Strait Talk Symposium Kicks Off at Berkeley
By Adam Collardey
Clayton Dube, Executive Director of the US–China Institute at the University of Southern California, delivered a lecture titled "Taiwan Elections: Process, Outcomes, and Implications" at Fromm Hall on the main campus of the University of San Francisco last Thursday evening.
The lecture coincided with the first day of the 4th annual Strait Talk Berkeley– San Francisco interactive conflict resolution symposium, a student-centered program that brings together students from China, Taiwan, and the United States. The participants undergo an intense week of activities designed to influence their perspectives and create new approaches to conflict resolution for the cross-Strait relationship. The student participants will present their final consensus document this Wednesday, April 11th at UC Berkeley.
The recent presidential campaigns in Taiwan saw a victorious KMT party win for incumbent president Ma Ying-jeou, while the gap narrowed between the Blue and Green alliances, including the northern county of Yilan voting in favor of the DPP’s presidential candidate, Tsai Ing-wen.
Key issues for this year’s election included economic performance and prospects, cross-Strait ties, and the integrity and fairness surrounding issues such as judicial independence, corruption, campaign fairness, and outside influences.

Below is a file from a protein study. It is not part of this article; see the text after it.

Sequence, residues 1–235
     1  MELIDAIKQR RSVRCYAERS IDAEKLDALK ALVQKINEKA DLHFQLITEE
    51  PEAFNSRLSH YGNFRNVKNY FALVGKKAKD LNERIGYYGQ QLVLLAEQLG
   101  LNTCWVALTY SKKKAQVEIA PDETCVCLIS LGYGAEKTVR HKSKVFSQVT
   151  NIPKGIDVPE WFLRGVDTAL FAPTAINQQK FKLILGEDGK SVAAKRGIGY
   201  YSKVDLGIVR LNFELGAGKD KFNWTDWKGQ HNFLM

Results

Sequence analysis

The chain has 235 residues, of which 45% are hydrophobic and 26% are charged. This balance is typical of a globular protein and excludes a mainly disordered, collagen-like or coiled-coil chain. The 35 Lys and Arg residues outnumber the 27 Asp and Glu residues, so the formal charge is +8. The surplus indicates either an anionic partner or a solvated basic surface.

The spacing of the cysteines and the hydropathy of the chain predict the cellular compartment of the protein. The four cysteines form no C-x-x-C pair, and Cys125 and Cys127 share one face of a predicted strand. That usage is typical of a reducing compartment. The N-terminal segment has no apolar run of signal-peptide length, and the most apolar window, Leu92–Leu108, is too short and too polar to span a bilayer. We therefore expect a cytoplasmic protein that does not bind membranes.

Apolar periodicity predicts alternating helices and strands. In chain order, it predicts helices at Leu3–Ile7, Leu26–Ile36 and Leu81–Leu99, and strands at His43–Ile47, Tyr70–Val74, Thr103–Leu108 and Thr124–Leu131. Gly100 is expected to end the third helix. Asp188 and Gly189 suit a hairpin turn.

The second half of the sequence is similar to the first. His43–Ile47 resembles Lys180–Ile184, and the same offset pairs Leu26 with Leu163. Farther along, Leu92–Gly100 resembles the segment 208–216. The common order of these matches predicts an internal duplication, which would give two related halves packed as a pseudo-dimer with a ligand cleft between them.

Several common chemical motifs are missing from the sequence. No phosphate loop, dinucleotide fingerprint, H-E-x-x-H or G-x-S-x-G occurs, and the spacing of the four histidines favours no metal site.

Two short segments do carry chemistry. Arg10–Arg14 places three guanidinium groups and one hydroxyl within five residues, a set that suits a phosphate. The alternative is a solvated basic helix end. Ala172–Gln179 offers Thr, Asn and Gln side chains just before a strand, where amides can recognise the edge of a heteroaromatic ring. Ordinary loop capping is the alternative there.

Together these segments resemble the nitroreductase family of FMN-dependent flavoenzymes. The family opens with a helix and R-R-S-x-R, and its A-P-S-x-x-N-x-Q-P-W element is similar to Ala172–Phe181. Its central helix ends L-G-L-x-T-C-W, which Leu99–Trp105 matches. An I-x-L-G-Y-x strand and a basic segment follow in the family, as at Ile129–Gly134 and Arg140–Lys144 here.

While the DPP lost the presidential election, they gained seats in the legislature. The DPP's presidential candidate, Tsai Ing-wen, was Taiwan's first female presidential candidate. The DPP used the novelty of small piggy banks to rally supporters behind campaign fundraising, while all parties showed unprecedented use of new media, including iPhone apps, commercials, and consumer products, not to mention the usual lively campaign rallies.
The majority of people in Taiwan have an interest in preserving the status quo of the cross-Strait relationship. Taiwan’s National Zhengzhi University conducted a study in September 2011 that showed 34% of the Taiwanese polled would like to see a decision made at a later date, while 26% would like the status quo to continue indefinitely. 17% would like Taiwan independence at a later point in time, and 11% would like to see unification with China at a later point in time. Only 6% of the Taiwanese people wanted independence now, and merely 1% wanted unification now. Even in the international arena, the United States has pursued a strategy of ambiguity surrounding cross-Strait issues, in order to avoid upsetting any of the involved parties.
After Clayton Dube’s presentation, Thomas B. Gold, Professor of Sociology at UC Berkeley, commented on the Strait Talk program and the optimism he gains from watching programs like it grow. In regards to the election in Taiwan, Professor Gold noted that "leaders everywhere are glad at the outcome of the election" and that it was "one less thing to worry about" in the current “Whack-A-Mole game” of pressing issues for the international arena.